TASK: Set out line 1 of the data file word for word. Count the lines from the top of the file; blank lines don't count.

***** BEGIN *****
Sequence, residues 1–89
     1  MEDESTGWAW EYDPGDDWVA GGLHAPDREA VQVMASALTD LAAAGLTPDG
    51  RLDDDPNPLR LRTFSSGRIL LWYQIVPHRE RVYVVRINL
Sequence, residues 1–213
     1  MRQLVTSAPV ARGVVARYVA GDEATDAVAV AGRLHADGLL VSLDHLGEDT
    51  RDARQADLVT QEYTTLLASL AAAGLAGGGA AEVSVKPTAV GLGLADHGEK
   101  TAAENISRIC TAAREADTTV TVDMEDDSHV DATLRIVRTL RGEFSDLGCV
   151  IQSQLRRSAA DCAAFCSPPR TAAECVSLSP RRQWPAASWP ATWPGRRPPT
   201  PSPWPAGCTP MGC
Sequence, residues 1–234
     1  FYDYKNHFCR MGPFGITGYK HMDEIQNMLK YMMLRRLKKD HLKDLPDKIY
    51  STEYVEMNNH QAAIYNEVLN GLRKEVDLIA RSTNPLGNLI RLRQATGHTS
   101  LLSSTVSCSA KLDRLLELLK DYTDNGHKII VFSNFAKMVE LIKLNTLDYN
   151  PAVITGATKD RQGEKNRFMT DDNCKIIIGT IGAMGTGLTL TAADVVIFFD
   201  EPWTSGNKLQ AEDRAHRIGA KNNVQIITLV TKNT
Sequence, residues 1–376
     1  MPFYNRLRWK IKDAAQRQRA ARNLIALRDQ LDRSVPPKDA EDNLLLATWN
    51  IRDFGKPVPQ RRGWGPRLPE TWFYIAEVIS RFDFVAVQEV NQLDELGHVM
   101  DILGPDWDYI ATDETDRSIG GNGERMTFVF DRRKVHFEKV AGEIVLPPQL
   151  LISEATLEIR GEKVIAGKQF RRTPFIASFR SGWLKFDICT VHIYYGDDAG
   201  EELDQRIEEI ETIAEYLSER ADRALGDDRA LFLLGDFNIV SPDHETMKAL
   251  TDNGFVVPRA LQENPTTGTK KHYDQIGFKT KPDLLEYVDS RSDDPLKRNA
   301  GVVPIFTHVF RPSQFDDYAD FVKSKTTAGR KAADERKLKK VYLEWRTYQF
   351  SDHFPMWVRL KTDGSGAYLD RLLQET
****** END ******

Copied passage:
Sequence, residues 1–89